A few weeks ago, a friend on FB reported that a church he and his wife had been attending for several weeks had a Sunday morning announcement that the church qualified for a 3.9 million dollar loan. My friend was baffled and asking if this was normal--do churches this size need loans this large? What ensued in the comments section of his post was perspective from all sides—from the eschewing of large churches in favor of smaller house-church-sized communities to those arguing for the possibility that such a loan was reasonable depending on the size of the church and its yearly income. Others quoted popular authors who were mega-church-pastors-turned-house-church-planters and now criticize the industrial machine of the American mega-church and how it is so different from Jesus’ model—Jesus who disciple a small bunch of men and often turned away crowds.
It’d be easy to roll on the waves of this debate, tossing to and fro with each theoretical argument that doesn’t actually take into account the workings of the Spirit at my church in North Liberty, Iowa, in 2014. Instead of taking sides on the debate, I find myself wanting to throw away categories, to resist the temptation to classify one model as better than another and, rather, classify our own motivations, classify our own leadings as Spirit-led or not.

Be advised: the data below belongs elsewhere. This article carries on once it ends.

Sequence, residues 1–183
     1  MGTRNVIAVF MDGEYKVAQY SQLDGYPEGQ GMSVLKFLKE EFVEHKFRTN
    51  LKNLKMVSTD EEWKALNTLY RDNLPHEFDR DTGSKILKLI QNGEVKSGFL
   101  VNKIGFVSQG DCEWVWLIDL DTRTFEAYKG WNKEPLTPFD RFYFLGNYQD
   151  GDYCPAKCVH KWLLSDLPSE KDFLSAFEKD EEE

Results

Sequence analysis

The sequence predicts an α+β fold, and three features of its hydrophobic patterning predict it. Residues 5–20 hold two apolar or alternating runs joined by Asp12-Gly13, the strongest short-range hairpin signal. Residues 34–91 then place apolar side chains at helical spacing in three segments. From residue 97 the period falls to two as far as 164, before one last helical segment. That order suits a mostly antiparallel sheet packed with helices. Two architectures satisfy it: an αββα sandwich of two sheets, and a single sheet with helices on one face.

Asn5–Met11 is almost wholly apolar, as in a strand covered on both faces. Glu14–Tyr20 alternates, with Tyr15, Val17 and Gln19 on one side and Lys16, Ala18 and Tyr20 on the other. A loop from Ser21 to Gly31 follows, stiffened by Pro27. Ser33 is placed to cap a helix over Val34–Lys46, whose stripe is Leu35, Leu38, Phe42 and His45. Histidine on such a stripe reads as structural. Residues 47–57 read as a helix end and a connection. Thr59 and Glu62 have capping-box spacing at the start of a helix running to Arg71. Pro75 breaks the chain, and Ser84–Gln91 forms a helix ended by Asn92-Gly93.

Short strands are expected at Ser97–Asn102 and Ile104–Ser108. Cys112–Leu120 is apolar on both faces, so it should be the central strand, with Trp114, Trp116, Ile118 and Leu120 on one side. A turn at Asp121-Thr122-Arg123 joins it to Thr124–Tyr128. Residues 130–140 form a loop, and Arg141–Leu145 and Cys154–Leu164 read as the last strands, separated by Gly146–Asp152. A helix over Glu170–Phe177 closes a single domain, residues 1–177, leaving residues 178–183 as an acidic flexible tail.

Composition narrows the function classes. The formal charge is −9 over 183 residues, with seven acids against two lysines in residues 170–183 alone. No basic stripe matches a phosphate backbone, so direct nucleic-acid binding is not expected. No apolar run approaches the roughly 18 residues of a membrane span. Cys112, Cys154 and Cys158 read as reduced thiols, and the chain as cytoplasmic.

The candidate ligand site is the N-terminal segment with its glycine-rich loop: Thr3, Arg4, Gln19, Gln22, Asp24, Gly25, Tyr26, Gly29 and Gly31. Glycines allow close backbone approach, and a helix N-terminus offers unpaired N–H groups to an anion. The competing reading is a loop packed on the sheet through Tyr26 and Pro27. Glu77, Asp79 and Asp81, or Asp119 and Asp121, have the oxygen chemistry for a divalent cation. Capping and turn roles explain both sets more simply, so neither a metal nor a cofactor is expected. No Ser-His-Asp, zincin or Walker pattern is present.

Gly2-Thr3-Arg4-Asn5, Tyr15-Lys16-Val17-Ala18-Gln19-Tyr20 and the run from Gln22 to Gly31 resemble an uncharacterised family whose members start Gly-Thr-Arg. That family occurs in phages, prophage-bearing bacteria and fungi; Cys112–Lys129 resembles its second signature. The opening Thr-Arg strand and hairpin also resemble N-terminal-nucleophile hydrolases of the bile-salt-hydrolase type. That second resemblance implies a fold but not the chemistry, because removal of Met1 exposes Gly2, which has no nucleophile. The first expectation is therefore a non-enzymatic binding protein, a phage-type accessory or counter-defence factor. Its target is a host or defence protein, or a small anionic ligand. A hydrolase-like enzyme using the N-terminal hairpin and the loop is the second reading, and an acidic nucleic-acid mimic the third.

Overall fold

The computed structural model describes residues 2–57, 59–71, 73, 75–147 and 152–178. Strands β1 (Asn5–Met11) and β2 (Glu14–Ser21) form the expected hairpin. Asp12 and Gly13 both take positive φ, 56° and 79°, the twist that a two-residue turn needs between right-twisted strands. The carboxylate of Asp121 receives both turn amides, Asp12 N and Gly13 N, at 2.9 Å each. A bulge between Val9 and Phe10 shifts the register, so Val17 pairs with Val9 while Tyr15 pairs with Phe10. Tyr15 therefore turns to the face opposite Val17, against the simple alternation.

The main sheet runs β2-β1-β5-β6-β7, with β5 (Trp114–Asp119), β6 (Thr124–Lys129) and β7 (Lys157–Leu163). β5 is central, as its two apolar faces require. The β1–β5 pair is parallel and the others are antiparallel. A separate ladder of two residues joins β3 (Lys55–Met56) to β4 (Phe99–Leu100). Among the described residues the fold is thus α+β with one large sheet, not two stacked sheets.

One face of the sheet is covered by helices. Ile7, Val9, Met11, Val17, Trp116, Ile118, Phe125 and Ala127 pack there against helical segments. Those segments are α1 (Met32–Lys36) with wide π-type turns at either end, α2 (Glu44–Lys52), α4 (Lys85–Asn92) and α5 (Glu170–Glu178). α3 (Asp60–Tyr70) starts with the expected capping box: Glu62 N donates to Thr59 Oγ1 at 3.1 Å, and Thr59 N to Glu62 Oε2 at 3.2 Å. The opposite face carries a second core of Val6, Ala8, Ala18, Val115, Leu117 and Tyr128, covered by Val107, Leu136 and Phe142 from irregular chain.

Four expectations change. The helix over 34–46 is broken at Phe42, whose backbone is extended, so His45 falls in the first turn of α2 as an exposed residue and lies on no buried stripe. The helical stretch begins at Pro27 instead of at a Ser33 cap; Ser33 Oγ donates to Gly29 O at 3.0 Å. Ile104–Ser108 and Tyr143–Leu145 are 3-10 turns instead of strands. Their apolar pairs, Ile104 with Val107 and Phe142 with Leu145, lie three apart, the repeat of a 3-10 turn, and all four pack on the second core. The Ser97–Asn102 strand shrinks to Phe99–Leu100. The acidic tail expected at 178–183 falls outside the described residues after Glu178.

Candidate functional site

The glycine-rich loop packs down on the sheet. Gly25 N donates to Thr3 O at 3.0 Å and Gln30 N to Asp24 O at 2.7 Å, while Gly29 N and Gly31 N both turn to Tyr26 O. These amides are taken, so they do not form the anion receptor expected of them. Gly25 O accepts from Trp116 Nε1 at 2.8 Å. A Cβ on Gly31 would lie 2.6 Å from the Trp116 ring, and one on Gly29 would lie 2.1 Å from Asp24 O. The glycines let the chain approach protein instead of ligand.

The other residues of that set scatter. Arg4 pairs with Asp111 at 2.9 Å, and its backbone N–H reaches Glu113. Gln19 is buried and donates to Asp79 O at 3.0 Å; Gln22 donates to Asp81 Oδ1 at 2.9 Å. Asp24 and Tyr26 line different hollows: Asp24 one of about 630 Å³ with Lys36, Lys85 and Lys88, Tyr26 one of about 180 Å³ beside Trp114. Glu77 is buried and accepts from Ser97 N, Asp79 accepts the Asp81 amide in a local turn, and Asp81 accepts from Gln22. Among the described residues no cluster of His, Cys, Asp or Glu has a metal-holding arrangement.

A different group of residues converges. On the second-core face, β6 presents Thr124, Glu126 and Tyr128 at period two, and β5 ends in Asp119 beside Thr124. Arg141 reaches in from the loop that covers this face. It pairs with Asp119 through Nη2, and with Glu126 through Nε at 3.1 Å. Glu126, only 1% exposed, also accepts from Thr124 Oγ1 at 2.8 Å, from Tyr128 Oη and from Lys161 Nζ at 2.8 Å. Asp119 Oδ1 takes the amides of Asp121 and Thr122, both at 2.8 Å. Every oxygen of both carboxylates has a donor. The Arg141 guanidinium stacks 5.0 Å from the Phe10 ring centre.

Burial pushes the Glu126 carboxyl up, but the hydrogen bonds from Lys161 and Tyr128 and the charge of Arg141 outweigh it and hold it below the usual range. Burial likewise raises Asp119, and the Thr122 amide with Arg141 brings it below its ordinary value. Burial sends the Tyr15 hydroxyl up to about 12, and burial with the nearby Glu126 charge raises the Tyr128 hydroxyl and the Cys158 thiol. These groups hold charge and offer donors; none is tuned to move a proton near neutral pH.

Here I am, on staff at a 500-some-member church that is only 8 years old. And we seem to keep growing as we show and tell people about Jesus. And if we keep showing and telling people about Jesus in the way we’re doing, it seems it would stand to reason that LIFEchurch will grow larger. And if so, how could we not keep making room for more people? (Note: this will likely involve leases and building mortgages.)
The Spirit seems to be doing something in response to our telling people about Jesus, and we don't have the sense that we should start closing the doors and turning people away. More people come every week. More people return every week. And people report that their lives are changing. That their prayers are being answered. That they've found new hope in Jesus. How could I dream of turning them away because the Big-Church Model isn’t perfect?
It isn’t perfect, I'll admit. It’s hard to organize good follow-up systems. It's hard to keep track of who's actually coming and what their needs are. It’s hard to get people plugged into meaningful relationships with smaller groups of believers (as opposed to all 500 that attend on Sunday) and it's hard to connect the right people with the class they are most in need of. And it's not the right model for everyone in every season of life, but we are sure trying to make it work for all the people who walk through the doors. And what’s the alternative? “Good luck finding a church where there’s an open seat for you”?
I'm happy to think that the formerly big-church pastors had good reason for resignation and for shifting gears, reasons that made sense for their own lives and callings and purposes. But we don’t. Not now. Not yet when it seems like we’re doing exactly what we should be doing, which is growing a church.